This is a topic close to my heart because my good friend, Mary Matsuda Gruenewald, an American citizen, was incarcerated by the U.S. government at the age of 17. It's a tough subject to deal with, and Kirby does it beautifully. She deals with tender and painful subjects in a sensitive and thoughtful way. I hope lots of American kids read this book and never forget.

Kirby Larson's website is

When You Reach Me

When You Reach Meby Rebecca Stead

The Newbery Medal is the gold standard for children’s books. This book, the 2010 medal winner, has an elegant plot, a vivid setting, and a fascinating premise.

Twelve-year-old Miranda, growing up in New York City with her single mother, worries when her best friend, a boy named Sal, begins to pull away from her. The crazy homeless man on the corner also bothers her. But her fears are heightened when she starts receiving mysterious notes that seem to foretell future events.  When these predictions start proving eerily accurate, the tension ratchets up.

Miranda’s voice is clear and engaging, as she negotiates the shoals of sixth-grade friendships, befriends a bully, and deals with a working mom obsessed with winning a TV game show. Her favorite book, A Wrinkle in Time, sparks unexpected discussions about time travel.

Each clue from the mysterious note-writer drew me deeper into the story until I couldn’t put the book down. Stead skillfully drops clues and hooks the reader right up until the surprising – and satisfying – ending.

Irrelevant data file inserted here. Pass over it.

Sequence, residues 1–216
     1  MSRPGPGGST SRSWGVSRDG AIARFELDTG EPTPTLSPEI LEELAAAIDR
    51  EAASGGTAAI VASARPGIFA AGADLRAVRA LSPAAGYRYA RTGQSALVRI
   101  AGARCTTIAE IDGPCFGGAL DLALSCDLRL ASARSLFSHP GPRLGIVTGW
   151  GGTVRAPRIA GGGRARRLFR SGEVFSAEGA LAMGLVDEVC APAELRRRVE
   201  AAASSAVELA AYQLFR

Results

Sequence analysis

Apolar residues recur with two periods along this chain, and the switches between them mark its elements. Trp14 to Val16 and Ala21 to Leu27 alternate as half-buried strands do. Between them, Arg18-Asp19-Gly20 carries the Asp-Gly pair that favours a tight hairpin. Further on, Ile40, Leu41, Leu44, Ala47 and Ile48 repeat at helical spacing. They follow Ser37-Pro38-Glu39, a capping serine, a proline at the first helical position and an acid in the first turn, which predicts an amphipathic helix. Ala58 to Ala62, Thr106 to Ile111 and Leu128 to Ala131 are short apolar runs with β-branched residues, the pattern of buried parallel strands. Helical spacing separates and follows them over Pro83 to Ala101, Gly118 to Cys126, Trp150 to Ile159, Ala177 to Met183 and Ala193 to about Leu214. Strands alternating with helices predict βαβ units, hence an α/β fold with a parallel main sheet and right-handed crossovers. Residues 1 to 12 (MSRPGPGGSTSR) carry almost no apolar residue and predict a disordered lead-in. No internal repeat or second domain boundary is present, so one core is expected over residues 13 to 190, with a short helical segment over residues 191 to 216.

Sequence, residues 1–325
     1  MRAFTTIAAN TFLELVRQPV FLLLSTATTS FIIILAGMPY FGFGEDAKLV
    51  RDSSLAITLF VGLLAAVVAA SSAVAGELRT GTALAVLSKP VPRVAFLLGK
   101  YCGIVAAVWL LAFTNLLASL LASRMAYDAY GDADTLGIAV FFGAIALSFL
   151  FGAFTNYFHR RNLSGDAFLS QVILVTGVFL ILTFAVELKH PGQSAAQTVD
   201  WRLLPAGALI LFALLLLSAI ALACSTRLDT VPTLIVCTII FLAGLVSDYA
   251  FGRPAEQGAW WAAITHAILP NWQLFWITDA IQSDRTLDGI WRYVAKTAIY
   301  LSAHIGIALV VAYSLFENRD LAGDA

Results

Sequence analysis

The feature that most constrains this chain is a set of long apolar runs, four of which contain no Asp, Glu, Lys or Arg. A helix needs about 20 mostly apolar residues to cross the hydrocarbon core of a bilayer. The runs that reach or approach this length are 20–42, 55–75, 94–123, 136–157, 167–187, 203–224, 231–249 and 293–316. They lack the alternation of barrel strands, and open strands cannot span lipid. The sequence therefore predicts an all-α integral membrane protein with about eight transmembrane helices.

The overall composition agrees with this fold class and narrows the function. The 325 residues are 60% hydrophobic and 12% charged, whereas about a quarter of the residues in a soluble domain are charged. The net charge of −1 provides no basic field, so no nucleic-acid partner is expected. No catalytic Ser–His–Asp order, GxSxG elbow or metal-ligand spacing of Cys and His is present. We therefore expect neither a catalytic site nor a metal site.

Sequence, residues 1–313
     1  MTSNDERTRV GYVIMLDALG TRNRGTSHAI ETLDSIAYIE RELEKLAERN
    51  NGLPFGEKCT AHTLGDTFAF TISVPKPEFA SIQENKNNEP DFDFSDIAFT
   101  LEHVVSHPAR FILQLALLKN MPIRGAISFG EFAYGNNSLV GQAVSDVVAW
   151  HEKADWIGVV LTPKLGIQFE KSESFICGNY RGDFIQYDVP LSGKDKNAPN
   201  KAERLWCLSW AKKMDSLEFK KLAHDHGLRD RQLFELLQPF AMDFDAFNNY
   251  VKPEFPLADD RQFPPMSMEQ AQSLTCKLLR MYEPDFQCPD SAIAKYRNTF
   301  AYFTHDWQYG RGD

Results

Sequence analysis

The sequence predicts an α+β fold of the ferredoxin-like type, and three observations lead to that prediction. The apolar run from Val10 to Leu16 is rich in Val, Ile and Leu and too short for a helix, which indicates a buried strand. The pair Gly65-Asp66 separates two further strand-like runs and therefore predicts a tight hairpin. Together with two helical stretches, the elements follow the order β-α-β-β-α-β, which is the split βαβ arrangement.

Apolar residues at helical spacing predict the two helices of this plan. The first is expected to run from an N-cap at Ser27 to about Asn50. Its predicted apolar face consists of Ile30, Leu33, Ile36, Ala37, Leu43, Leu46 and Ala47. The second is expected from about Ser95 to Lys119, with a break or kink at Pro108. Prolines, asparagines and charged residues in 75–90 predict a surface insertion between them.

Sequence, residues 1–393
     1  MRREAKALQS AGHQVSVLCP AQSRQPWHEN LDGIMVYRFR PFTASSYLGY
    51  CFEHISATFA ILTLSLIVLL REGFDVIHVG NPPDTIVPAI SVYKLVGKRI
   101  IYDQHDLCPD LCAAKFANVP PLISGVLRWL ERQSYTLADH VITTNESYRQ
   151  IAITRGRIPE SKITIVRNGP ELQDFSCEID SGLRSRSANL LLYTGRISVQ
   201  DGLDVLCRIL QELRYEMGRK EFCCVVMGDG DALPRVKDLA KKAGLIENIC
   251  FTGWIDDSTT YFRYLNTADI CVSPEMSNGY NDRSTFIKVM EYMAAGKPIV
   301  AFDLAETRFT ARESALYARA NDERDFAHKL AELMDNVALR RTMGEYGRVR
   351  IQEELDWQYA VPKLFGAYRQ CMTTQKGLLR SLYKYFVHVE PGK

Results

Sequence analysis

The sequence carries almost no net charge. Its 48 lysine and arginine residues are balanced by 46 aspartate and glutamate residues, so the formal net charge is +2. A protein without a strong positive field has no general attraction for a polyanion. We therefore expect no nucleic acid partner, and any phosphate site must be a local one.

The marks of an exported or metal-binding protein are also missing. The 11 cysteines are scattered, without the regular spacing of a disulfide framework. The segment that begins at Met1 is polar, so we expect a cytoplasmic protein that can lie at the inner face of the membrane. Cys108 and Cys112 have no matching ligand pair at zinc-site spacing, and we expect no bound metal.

Amazing! Rebecca Stead has not been writing books for long, but she is a master.

Rebecca Stead's delightfully whimsical website is

The Secret History of the Mongol Queens

Mongol Queens coverby Jack Weatherford

Okay, I'm obsessed with the Mongol Empire. Otherwise, why would I write a novel about a princess who lived in that era?  But this book really captured my imagination.

Most of us think of "barbarians" and "plunder" when we hear the words "Mongol" or "Genghis Khan." But did you know that Genghis Khan gave power to his daughters? While he and his sons were off with the army, conquering lands far more advanced than Mongolia, he left the already-conquered lands under the control of his wives and daughters. Yes, he married off his daughters to allied kings and princes; but once he did, he stripped the husbands of their titles and gave the real authority to his daughters. He gave them the title of "Princess Who Runs the State." One of these daughters, says Jack Weatherford, a Macalaster College anthropology professor, governed so well that she even "invented the cultural and organization model that grew into the Mongol Empire."

Wow! After all the research I did for Daughter of Xanadu, I knew that Mongolian women were strong, learned archery from a young age, and sometimes rode off to battle with their husbands. The Secret History of the Mongols tells of many female ancestors who showed great fortitude. But governing?  I never knew that.

This book of history - not fiction! - tells some fascinating tales. I wonder if Emmajin knew all these stories?

You can find out more at the Random House website.